All analyses were conducted using the statistical software Mplus (version 8) and missing data were considered using the Full information maximum likelihood (FIML) estimation. In the QNTS, the percentage of missing data ranged from 19.03% to 41.51%, while in the QLSCD, the percentage of missing data varied from 6.76% to 40.11%. Missingness largely varied across measures (15 measures in QLSCD, 13 measures in QNTS), participants, time, and cohort. Data were mostly missing for school achievement measures. S1 Table documents the relation between missingness and the various measures by comparing three groups of participants: 1) participants without any missing data; 2) participants with only 1 and 2 missing data; 3) participants with more than 2 missing data. S1 Table indicates that missingness was associated with lower family income, visual-spatial skills, vocabulary, school achievement, and being male in both cohorts, as well as with lower mother education, short term memory at 41 months, and Lollipop scores in QLSCD.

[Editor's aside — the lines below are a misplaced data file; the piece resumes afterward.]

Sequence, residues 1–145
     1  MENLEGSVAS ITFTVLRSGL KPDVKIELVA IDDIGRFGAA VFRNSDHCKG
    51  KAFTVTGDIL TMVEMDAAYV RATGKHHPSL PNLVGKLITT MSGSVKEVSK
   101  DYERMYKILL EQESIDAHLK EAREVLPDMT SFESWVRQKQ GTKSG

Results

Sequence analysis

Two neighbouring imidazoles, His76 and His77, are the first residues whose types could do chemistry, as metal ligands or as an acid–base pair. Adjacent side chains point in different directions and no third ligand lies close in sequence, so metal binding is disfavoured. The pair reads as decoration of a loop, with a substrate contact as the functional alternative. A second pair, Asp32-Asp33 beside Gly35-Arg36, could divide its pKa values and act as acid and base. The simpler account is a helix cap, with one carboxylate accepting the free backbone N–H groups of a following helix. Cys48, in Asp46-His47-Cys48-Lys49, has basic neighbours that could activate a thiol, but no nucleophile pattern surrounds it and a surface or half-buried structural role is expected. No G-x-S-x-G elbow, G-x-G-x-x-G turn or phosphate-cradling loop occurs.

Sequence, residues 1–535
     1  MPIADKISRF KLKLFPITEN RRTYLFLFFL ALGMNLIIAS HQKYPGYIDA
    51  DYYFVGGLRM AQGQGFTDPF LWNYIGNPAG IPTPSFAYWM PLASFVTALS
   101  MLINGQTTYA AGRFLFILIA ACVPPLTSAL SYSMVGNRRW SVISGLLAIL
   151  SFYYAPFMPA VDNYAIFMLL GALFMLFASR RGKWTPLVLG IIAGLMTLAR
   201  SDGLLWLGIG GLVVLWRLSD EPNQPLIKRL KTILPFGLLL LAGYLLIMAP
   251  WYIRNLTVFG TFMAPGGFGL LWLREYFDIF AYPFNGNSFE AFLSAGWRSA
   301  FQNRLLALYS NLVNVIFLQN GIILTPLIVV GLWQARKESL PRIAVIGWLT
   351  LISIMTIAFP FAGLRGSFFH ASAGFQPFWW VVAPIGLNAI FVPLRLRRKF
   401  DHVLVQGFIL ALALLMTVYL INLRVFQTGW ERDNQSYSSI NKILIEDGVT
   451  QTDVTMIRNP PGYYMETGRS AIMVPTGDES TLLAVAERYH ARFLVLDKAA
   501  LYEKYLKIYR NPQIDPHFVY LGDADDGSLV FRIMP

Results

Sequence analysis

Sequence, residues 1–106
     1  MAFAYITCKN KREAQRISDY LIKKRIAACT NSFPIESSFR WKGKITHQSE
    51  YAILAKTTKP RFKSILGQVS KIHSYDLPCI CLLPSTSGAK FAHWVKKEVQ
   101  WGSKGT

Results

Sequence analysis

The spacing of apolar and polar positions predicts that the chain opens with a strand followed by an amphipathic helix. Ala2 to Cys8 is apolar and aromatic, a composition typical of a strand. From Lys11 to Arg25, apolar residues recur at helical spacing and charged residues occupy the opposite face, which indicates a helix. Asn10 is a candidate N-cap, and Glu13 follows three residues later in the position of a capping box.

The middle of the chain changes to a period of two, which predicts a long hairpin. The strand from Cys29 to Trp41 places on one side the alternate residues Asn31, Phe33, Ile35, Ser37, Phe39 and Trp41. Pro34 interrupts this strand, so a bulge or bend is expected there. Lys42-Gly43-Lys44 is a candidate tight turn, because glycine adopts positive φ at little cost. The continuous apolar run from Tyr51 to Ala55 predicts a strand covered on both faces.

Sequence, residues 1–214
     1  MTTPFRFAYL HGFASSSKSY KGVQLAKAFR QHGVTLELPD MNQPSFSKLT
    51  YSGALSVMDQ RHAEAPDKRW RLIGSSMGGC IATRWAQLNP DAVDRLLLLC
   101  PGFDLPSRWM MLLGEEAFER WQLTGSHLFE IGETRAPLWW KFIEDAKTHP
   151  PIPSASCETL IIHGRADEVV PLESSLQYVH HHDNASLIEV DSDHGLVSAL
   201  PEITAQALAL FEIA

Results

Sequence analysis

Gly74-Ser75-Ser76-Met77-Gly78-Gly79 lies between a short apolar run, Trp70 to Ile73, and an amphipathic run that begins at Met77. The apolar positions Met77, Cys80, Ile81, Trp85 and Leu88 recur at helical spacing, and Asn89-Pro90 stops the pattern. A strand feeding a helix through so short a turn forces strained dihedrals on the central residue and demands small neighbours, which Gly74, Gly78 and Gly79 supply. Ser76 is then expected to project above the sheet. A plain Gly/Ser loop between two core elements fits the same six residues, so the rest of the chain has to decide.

The general plan of analysis was as follows. First, we examined the correlations between all variables. Second, through path analysis, we tested the likelihood of the hypothesized model regarding the prediction of school achievement at different grades. We used the comparative fit index (CFI), the Tucker-Lewis index (TLI), and the small Root Mean Square Error of Approximation (RMSEA) to test the fit of the model. Direct and indirect paths of the contribution of fluid abilities to school achievement through the mediation of crystallized abilities were examined. Also, stability of school achievement was estimated by adding auto-regressive paths between all previous and subsequent school grades achievement measures. Control variables (maternal education, household income and sex) were added in the model to control for their association with cognitive abilities (fluid and crystallized) and school achievement measures. In the QNTS, we used a robust estimator to take into account the non-independence of the twin measures . Finally, we estimated the various hypothesized pathways by bootstrapping (1000 times) . Bootstrapping calculates probable estimates of the direct and indirect contributions by generating multiple empirical representations of the sampling distribution . These main analyses were followed by a series of specific sub-analyses to verify the robustness of the resulting model.